Monday 29 June 2015

Pulled Pork Pizza

As long as we're home for dinner, every Friday is pizza Friday here in our household.  Given how often I make pizza, I am constantly on the lookout for topping ideas that will be different from the classics.   One unique topping that both my husband and I love is pulled pork.   This is always a hit because it's not often that we have leftover pulled pork lying around.

My husband and I also host an annual Stampede BBQ.  Every year, one of the highlights is the all-day smoked, juicy, melt in your mouth deliciousness that is pulled pork.  Since we make SO much at once for this event, it is not unusual for there to be a few pounds of leftovers.  I portion it out and freeze to use in enchiladas, sandwiches, or on pizza Friday, pizza.

The pulled pork I used on this pizza, below, is not from our big annual BBQ nearly a year ago!  We had a smaller BBQ a few weeks ago with our neighbours (which is the same event where the Melt in Your Mouth Doughnuts were devoured).  The pork leftovers from this event were used to top the pizza featured in this post.  It was oh so smoky, gooey, and delicious!

Pizza Dough (this makes enough for 3 thin crust, or 2 regular crust pizzas)
2 & 1/4 tsp active dry yeast
1 & 1/4 cups warm water
1 tbsp sugar
2 tbsp olive oil
1/2 tsp salt
3 cups all purpose flour (I often use half white, half whole wheat)

Dissolve the sugar in warm water.  Sprinkle the yeast on top, and allow to sit in a warm place for 5 to 10 minutes, until foamy.  Add the olive oil, salt, and 1 cup of the flour.  With a whisk, beat until smooth.  Add the remaining flour, a cup at a time, until you have a soft dough.   Turn out onto a floured surface and knead for about 5 minutes, until smooth and elastic.  Cover the dough and let rest in a warm place for about 25 minutes.  While the dough is resting, prepare your toppings:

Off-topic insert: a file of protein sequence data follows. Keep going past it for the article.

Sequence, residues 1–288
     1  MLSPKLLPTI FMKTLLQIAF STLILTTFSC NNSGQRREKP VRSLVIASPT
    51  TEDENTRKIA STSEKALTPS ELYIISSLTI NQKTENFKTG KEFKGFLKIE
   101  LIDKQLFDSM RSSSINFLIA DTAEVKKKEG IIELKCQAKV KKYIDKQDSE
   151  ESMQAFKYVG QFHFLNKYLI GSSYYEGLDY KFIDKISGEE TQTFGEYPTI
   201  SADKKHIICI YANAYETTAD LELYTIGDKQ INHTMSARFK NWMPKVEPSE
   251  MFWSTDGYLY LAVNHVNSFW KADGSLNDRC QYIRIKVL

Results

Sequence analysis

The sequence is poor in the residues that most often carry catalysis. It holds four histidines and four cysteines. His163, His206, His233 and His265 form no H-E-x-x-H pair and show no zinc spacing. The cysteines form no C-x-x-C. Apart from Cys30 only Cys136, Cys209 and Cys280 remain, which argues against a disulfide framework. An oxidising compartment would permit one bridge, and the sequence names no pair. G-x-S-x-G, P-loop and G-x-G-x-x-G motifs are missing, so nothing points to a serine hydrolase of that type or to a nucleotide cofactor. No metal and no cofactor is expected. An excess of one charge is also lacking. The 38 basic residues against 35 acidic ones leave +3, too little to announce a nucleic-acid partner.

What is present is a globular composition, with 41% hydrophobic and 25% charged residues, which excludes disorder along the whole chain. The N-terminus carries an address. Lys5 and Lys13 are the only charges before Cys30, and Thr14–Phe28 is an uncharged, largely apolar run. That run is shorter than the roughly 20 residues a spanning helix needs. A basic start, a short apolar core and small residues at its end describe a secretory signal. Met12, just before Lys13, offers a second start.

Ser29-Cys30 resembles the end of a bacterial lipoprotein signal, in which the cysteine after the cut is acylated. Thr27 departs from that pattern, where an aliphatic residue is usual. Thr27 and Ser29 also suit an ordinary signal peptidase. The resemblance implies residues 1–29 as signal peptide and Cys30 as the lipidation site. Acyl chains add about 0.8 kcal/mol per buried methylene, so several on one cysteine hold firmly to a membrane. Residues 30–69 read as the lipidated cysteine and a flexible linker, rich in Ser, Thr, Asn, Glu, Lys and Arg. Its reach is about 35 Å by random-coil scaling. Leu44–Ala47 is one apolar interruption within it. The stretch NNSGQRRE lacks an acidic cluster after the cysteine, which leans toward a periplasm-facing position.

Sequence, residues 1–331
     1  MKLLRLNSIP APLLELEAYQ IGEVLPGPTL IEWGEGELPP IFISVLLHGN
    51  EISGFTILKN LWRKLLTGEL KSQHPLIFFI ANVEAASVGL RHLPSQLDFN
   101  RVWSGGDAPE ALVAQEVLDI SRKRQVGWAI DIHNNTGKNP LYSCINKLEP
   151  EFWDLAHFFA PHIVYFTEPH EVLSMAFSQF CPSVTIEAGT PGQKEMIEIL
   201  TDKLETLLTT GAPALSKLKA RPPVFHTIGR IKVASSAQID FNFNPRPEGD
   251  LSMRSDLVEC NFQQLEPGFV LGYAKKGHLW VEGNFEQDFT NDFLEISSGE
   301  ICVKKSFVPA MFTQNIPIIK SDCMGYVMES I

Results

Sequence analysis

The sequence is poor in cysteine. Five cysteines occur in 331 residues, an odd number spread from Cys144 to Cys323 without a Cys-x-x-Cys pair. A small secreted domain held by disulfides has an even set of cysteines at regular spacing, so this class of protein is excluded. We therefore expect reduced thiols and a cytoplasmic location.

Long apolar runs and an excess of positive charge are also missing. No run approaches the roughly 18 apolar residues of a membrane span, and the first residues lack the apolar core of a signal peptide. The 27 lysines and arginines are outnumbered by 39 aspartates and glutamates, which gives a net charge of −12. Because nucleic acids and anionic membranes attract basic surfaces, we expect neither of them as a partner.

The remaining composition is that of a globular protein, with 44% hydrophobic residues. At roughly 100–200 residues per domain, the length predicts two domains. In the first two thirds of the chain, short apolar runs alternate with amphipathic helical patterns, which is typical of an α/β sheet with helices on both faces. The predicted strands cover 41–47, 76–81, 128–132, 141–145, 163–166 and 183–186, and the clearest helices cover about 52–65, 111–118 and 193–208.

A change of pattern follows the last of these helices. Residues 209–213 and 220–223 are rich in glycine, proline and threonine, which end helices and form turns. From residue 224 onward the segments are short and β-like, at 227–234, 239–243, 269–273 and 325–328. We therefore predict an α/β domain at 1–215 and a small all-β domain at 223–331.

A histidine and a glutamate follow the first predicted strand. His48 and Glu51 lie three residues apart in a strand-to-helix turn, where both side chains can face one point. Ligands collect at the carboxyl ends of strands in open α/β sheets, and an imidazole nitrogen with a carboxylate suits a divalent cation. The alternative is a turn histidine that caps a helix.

Pulled Pork Pizza With Caramelized Onions (Topping)
2 medium sized red or yellow onions, thinly sliced
1 tbsp butter or margarine
1 tsp sugar
2 portions pizza dough
1/2 cup pizza sauce
2 tbsp BBQ sauce
2 cups leftover pulled pork
2 cups shredded mozzarella cheese

Melt the butter in a large frying pan.  Add the onions, and cook over medium heat for approximately 10 minutes, stirring occasionally.  When the onions are starting to evenly brown, sprinkle with the sugar and continue browning until golden and sweet, approximately 5 more minutes.  Set aside.

Shape each portion of dough onto a greased pizza pan.  Combine pizza and BBQ sauce in a small bowl, and spread evenly on top of each pan of dough.  Sprinkle one cup of pulled pork, and half the onion mixture onto each pizza.  Top with mozzarella cheese.  Bake in a preheated 400F oven for approximately 20-25 minutes (depending on how browned you like your crust).  Enjoy!

Monday 22 June 2015

Saskatoon Berry Cheesecake

This past weekend I went to a baby-que....what seems to be the latest trend in baby showers.  It's a Jack and Jill style baby shower, where, rather than sit in a circle cooing over the baby and eating finger sandwiches with females of all ages, you bring your whole family and eat delicious BBQ, drink tasty bevvies, and generally have a great time.  I even went to one a few weeks ago where there was a keg.  I hope this trend is the wave of the future.  I enjoy these significantly more than the sit-in-a-circle-pass-the-cards-and-presents-around type of showers.

Anyways, for this particular baby-shower, I was delighted to be asked to bring dessert!   I thought a cheesecake was in order, as well as a couple dozen cupcakes (which I won't write about here).  I already spammed Facebook and Instagram with a photo of my daughter decorating said cupcakes, so that's plenty of internet action on that already.

I had some Saskatoon berries in my freezer from last summer (thank you, Mom), and I decided I'd incorporate those.  I used one of my favorite cheesecake recipes, added some Saskatoon filling based on my recipe for Saskatoon pie filling, and voila.  So, here it is:


1 & 3/4 cups crushed graham cracker crumbs
1/3 cup melted butter or margarine

2 & 1/2 packages (8 oz or 250g each) cream cheese (I use full fat, because it's cheesecake, just enjoy it)
3/4 cup granulated sugar
4 large eggs
1/2 cup whipping cream
1 tbsp vanilla
2.5 tbsp flour

Saskatoon Topping and Filling**:

**Note that this makes MUCH more than you actually require.  Save the rest in your fridge for a couple of weeks to put on pancakes or waffles!  Or, just eat with a spoon when no one is watching.